George Washington greatest Founding Father

A new Rasmussen poll shows George Washington as our greatest Founding Father, up 11% from last year to 43%.  He is followed by Thomas Jefferson (24%), Benjamin Franklin (16%), with John Adams and James Madison each at 5%.

Americans still are strong believers in the foundations of our American Republic.

Data released earlier shows that Americans continue to strongly believe in the nation’s founding ideals articulated in the Declaration of Independence.  While most believe that governments derive their only just authority from the consent of the governed, only 23% believe the federal government today has such consent.

In fact,  45% believe that the gap between Americans who want to govern themselves and politicians who want to rule over them is now as big as the gap between the American colonies and England during the 18th  Century.

I find it refreshing that most Americans still honor the Founding Fathers, not as perfect beings, but as inspirations that began the movement of freedom that has expanded to include women, blacks, and others seeking freedom and basic God given rights.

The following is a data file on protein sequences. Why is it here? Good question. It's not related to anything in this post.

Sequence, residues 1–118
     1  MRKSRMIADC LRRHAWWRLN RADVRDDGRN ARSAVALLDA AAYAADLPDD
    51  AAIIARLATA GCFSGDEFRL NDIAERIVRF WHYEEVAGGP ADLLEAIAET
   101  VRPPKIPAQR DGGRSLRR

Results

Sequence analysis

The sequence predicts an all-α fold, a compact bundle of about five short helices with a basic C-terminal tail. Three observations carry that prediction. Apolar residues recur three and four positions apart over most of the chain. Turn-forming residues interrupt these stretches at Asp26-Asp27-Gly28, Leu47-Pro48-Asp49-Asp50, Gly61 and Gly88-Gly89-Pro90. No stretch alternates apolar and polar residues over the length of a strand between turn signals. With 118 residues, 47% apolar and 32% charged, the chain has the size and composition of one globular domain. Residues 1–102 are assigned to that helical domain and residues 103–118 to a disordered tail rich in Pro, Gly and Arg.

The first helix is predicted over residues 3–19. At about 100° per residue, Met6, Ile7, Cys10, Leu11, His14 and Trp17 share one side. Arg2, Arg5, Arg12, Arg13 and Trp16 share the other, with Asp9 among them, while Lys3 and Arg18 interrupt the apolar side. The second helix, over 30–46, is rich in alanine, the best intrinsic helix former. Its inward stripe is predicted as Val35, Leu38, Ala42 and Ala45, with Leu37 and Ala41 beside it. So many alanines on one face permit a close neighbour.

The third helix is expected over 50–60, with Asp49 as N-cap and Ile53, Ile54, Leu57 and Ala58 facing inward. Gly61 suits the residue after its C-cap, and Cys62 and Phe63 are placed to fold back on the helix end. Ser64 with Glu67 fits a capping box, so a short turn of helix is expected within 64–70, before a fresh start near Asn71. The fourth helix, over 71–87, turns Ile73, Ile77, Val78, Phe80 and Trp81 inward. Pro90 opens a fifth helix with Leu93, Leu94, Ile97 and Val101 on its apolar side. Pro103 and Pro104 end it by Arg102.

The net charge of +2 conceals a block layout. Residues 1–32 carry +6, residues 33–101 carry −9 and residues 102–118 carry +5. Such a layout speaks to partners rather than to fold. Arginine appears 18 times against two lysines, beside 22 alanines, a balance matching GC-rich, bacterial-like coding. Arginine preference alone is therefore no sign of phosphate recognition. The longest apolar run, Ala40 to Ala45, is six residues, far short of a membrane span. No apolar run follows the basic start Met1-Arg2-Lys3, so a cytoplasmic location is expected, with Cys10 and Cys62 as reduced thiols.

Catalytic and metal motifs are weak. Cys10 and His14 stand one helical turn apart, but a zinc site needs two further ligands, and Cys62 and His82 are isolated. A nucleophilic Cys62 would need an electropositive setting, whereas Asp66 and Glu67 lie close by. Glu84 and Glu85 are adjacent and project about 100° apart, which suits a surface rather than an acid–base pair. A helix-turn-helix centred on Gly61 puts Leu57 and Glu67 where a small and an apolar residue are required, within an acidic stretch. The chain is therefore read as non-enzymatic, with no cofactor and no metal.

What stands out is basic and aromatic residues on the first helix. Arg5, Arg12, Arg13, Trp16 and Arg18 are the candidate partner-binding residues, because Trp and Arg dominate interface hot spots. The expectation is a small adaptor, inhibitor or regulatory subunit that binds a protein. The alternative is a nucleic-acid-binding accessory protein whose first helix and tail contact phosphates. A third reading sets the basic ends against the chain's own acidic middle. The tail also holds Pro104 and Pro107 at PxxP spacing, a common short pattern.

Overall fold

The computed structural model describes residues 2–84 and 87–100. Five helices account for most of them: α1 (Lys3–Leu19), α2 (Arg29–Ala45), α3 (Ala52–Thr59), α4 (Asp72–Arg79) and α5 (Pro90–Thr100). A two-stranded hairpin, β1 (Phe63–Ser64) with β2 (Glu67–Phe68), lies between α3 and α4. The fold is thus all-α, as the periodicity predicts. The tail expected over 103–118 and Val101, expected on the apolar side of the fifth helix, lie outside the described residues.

Still, it is somewhat disturbing that 77% of Americans believe that the government has gone beyond the bounds of the consent of the governed. Hopefully our federal government can catch the spark that seems to still be in the vast majority of Americans.

We are, as Pres Reagan noted, the “city on the hill”, even the beacon of freedom for all the world.

And as Pres Lincoln noted: America is the “last best hope on earth” for freedom.  No other revolution for freedom up to the time of Lincoln had succeeded.  The French revolution failed.  The revolutions in Latin America had replaced Spain with despots of their own.  Only America offered true freedom to the world.

And I hope that ours will not be the last generation to enjoy that freedom. Let us pray we do not extinguish the “last best hope on earth.”

Rasmussen Poll


Data released earlier shows that Americans continue to strongly believe in the nation’s founding ideals articulated in the Declaration of Independence. While most believe that governments derive their only just authority from the consent of the governed, only 23% believe the federal government today has such consent.

In fact,  45% believe that the gap between Americans who want to govern themselves and politicians who want to rule over them is now as big as the gap between the American colonies and England during the 18th Century.